“We’ve seen an increase in credit cards for small purchases,” Denis Robert of CT Payment confirms. He postulates that a consumer desire to tap into loyalty programs by accumulating points is perhaps driving this behaviour. Younger consumers (under age 30) are definitely more comfortable navigating life without a silver dollar in their shoe for insurance. PayPal commissioned a study with Leger Marketing that reported 71 per cent of Canadians indicate they are comfortable with never having to use cash to make purchases. This is an increase of 44 percentage points from 2011, at which time 27 per cent of Canadians indicated they were comfortable not using cash very often. That’s a lot of people you can’t do business with if your machines still accept only cash payments.

There’s another reason to offer cashless payment options – a larger average sale.

According to online magazine Mobile Commerce Insider, cashless vending transactions do indeed generate greater revenue than those involving cash. “Perhaps more important to those who are owning and operating a vending machine is that the average amount of transaction was more than $0.50 higher when using cashless payments,” reports VendScreen in the U.S. in its review of cashless vending transactional data. VendScreen says that the average cash payment transaction “was $1.16 while cashless payments were an average of $1.71.” That’s a 47 per cent increase per transaction. The return on investment (ROI) on installing cashless options can easily be calculated using 55 cents per transaction.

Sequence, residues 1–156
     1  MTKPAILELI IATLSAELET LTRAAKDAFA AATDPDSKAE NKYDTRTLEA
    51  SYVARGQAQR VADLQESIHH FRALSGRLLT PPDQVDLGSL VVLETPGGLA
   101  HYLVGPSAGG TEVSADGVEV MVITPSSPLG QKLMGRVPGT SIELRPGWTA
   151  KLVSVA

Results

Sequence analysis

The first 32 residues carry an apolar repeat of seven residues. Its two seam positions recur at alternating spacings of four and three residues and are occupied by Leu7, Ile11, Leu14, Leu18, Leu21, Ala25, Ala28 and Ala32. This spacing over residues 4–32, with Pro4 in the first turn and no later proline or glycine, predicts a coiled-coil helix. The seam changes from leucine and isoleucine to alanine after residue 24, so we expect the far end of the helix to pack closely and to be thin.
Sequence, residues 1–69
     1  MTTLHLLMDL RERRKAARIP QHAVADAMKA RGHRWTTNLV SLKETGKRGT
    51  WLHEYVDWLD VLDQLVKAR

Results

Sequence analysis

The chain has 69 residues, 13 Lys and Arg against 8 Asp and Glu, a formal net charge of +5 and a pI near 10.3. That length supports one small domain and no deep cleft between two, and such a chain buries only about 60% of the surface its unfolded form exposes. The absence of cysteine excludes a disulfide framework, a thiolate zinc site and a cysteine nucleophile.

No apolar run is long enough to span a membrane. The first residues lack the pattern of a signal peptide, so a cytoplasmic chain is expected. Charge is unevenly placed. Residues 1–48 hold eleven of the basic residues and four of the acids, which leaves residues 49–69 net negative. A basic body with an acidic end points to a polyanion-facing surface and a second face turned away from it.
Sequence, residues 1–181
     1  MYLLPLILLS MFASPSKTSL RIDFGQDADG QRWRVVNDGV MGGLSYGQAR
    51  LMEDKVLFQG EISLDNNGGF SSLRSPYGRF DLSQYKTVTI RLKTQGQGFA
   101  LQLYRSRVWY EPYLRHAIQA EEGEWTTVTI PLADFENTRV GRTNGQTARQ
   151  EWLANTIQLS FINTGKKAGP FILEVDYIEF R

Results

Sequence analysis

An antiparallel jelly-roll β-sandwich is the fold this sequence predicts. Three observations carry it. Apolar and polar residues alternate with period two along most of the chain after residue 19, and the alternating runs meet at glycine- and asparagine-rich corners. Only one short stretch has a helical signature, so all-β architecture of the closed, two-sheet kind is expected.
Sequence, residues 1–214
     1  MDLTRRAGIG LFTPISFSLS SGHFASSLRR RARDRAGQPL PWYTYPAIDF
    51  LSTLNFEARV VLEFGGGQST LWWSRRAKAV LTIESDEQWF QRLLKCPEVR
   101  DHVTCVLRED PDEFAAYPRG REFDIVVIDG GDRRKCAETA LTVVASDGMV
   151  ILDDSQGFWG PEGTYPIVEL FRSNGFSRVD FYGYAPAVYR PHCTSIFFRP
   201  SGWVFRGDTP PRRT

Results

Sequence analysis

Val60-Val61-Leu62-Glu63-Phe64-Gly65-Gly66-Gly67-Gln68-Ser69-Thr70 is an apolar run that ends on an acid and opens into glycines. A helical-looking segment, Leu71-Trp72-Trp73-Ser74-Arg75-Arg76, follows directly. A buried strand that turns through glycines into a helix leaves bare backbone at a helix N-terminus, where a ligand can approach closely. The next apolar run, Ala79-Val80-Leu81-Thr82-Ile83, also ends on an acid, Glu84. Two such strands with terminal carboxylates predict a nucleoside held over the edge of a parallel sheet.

While these statistics may be convincing, it may remain difficult for most businesses to decide which payment options to embrace. For those of us who bet that the Beta videotape format would prevail over VHS back in the ’80s, deciding which technology to go with may be daunting.

The big three cashless payment options to watch appear to be debit, credit and smartphone. Chip and PIN debit transactions are declining in favour of “contactless” payment options such as Pay Pass and Interac Flash. These tap-and-pay technologies are collectively referred to as NFC (near field communications). It’s a technology that allows the transaction to take place with a tap of the card, avoiding the need to insert a chip card and punch in a PIN. According to Interac, there were 12,000,500 contactless enabled cards in the Canadian market with an average sale of $11.50. “In Canada, debit is cheaper for the merchant than credit. That two per cent charge on a smaller-ticket item becomes hefty,” Denis Robert says.